In the workplace, even when it’s used legitimately or legally, spyware can easily give rise to disenchantment and dissatisfaction among employees. Employees under such close surveillance usually feel their privacy has been violated, and they’re being treated unfairly.
What Are The Most Popular Spyware Apps?
Stalkerware is a dime a dozen these days. They come in all forms, shapes, and sizes, offering varying selections of phone tracking features and functionalities.
However, statistics show that a few long-standing vendors account for significant market shares.
The most predominant spy apps today include:
You’ll find mSpy on most top spy app lists on the web. The app has been around for quite some time and continues to expand its offerings by the day. It currently offers one of the most comprehensive phone tracking packages, replete with both basic and highly advanced features.
Users can use mSpy to track their target’s calls, text messages, activities across nearly all popular social media platforms, browser activities, plus lots more.
mSpy does all of this with a stealthy algorithm that’s invisible to the untrained eye. If you don’t have steep experience with stalkerware or don’t have antivirus protection on your phone, your chances of stumbling on noticeable signs of spy apps like mSpy on your phone are nearly nonexistent.
iSpyoo is one of those longstanding apps that have managed to survive the stiff competition and the high demands of customers in the space. They’ve had their own fair share of poor reviews and dissatisfied customers, but they’ve managed to maintain a solid reputation.
Initially, the app’s main drawback was that it wasn’t stealthy enough, giving many users away quite easily. However, the creators have upgraded the software to a super-stealth machine, in addition to a host of other feature enhancements rolled out over the years.
The app also packs a punch of phone tracking features. It sorts a wide range of phone data into easy-to-follow categories, with each category presenting comprehensive details of related activities.
For instance, the text data lets users see not only the content of the text but the time and date stamps and contact details of the correspondents. Call data lets you see the top 5 frequently dialed numbers as well as the time and date stamps of the calls.
However, there have been numerous reports that the user interface is unstable, and users cannot access many of the app’s features.
With over a million customers sprawled across over 190 countries, Cocospy and its sister apps enjoy some of the highest levels of patronage in the industry. From parents to employers, security personnel, and even government operatives, the app boasts a wide user base that cuts across different segments of our society.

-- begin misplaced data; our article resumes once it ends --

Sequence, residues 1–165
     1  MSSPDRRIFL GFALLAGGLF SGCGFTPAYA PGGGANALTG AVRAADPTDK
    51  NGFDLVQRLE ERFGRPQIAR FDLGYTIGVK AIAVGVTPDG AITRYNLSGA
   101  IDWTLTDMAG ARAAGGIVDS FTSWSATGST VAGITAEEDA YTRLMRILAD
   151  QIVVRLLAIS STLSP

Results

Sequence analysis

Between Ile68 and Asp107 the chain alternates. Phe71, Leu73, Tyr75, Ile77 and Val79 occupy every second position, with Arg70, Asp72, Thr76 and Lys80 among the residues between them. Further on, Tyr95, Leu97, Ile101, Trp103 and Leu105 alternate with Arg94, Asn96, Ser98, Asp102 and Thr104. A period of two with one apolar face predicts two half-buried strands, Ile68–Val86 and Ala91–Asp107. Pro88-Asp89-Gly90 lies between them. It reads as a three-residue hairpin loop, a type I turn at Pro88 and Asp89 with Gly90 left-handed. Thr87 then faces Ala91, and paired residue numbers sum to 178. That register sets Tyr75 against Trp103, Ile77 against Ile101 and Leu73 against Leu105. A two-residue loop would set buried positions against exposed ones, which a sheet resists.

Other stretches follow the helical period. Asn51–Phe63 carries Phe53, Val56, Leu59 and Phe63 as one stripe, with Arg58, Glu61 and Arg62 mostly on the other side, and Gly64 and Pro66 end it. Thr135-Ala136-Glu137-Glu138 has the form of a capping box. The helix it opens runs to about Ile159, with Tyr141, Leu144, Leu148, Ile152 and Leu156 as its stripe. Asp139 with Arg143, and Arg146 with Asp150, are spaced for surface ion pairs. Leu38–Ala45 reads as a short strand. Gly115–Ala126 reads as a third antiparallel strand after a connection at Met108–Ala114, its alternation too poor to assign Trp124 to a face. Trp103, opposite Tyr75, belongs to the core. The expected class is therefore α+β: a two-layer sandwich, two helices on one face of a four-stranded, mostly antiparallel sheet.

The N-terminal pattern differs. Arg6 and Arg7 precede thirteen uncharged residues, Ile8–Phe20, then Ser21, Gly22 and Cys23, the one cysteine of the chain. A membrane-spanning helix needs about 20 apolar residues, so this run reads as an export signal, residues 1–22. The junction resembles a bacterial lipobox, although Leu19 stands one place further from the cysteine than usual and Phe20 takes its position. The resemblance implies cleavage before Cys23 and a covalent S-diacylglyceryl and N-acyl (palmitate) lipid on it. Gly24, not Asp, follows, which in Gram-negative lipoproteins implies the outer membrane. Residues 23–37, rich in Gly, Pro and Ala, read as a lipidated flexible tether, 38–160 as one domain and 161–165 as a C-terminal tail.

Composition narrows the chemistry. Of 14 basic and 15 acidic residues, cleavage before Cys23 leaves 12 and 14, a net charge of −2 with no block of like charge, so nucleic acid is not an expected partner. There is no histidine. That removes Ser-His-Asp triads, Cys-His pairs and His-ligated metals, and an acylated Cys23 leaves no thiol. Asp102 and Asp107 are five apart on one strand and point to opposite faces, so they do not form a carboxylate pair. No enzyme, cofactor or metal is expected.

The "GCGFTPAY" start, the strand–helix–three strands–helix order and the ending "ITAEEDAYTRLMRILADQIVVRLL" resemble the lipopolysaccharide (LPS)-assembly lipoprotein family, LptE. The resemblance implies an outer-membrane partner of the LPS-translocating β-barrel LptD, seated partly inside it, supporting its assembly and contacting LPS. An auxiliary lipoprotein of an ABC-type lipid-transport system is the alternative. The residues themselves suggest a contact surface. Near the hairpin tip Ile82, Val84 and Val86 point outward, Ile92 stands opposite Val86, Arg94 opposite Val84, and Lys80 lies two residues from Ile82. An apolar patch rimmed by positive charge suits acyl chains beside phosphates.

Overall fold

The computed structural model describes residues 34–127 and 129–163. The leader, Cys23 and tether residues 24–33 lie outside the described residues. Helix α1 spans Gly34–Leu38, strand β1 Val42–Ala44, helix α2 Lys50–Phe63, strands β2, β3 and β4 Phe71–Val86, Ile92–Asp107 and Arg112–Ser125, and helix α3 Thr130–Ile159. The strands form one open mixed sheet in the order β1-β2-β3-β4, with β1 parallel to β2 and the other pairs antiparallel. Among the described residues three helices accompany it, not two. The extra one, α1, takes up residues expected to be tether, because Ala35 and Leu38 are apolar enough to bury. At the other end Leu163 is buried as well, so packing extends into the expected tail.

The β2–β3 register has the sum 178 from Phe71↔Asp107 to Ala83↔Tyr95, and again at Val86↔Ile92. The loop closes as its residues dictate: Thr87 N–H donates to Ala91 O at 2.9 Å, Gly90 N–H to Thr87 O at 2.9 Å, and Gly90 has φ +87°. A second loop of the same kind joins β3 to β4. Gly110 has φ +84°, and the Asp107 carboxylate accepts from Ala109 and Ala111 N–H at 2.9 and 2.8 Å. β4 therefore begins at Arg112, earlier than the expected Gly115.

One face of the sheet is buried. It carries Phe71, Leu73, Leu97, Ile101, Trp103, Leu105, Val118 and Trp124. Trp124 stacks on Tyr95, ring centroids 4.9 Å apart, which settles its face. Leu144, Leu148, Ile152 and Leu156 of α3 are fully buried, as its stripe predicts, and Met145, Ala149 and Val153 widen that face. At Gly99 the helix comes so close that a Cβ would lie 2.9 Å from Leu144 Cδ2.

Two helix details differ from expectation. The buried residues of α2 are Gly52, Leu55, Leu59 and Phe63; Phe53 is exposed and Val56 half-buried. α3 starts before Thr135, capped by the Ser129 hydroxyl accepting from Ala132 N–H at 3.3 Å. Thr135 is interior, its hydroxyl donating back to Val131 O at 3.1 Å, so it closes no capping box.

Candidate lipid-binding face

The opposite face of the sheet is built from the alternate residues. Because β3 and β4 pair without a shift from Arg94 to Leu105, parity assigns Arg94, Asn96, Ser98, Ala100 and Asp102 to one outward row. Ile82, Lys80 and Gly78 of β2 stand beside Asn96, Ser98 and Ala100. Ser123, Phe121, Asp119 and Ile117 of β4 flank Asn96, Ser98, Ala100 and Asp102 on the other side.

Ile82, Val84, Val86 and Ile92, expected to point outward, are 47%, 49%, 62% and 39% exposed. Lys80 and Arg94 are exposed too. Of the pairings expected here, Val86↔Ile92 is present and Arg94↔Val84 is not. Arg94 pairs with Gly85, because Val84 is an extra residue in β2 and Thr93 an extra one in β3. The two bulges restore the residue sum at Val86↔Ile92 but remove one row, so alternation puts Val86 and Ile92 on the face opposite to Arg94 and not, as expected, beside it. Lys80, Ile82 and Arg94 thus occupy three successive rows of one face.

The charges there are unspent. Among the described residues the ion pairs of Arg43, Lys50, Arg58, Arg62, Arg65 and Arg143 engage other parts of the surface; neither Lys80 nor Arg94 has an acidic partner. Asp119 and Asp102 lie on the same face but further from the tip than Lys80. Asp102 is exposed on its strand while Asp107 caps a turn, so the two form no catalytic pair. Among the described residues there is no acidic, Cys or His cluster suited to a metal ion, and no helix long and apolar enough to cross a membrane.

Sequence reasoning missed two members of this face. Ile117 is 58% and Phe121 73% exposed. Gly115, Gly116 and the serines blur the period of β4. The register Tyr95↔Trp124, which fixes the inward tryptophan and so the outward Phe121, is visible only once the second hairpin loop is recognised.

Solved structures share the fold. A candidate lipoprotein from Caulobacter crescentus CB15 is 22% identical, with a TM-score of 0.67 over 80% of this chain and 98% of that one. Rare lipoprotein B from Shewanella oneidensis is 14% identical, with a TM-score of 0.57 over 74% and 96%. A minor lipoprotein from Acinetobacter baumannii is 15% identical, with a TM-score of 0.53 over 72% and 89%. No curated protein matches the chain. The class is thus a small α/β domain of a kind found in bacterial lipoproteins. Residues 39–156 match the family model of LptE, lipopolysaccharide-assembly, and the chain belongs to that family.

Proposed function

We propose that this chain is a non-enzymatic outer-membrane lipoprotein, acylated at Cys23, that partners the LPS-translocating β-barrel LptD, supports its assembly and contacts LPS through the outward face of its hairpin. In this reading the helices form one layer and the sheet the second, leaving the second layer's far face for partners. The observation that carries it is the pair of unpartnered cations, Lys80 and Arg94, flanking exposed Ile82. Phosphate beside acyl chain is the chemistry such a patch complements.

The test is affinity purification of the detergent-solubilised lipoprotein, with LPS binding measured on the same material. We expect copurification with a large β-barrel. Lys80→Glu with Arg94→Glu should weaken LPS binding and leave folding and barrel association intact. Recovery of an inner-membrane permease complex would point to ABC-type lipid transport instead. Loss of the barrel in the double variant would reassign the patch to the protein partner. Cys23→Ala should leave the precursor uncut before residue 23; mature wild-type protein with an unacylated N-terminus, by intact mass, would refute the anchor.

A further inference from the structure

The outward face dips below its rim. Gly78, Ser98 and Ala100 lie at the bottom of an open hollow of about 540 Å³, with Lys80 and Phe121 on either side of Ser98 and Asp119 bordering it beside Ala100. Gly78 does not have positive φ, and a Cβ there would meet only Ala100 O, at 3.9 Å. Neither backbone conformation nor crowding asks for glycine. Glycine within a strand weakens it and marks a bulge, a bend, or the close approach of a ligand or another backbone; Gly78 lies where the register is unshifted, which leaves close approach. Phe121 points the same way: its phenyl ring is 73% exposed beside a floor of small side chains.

The popularity of the apps is largely a result of the solid parental control features they provide. The apps give users remote track and control capabilities for a wide range of phone activities, from calls to texts, activities on various apps – including social media apps, browsing history, etc.
FlexiSPY is another top-rated spy app that lines up a wide array of tracking features ranging from basic to highly advanced. They even offer highly controversial features like call recording, which is outlawed for anyone other than law enforcement in most countries like the US and UK.
Other notable features include remote ambient recording, which lets users listen in on their target’s offline conversations, and remote screenshots, which lets users view their target’s screen in real-time, all from a remote location.
These features all violate wiretapping and video recording laws in most countries. However, the vendors make a brazen attempt to warn users against violating local laws, stating on their website that users do so solely at their own risk.
How Are Spyware Apps Marketed?
At face value, spy apps are often presented as innocuous products that can help people protect their families and relationships. However, if you read between the lines, you can’t help but notice some contradictions in the marketing materials of most spy apps.
Let’s take a critical look at some of these mixed messages:
Parental Control Doesn’t Usually Mean Kids Protection
It’s all fine and dandy to put powerful remote control features out there for parents who need to regulate their kids’ phone activities. But what happens when parents share equal access to these control features with malicious actors they’re trying to protect their kids from? Parental control apps often ignore this reality in their marketing.
One vendor guilty of this deliberate misrepresentation is the creator of the Cocospy brands. Apps from this vendor include Spyic, Neatspy, Minspy, Spyier, etc., and they’re all marketed as family-oriented parental control apps.
Another vendor is the maker of iSpyoo – an app that’s also repackaged into different products like Copy9 and TheTruthSpy.
Now, while these vendors hype up the benefits of these monitoring features for parents, they go mute on how they protect people when these apps are used maliciously.
It’s Not to Be Used Without the Target’s Consent – But It’s Stealthy by Design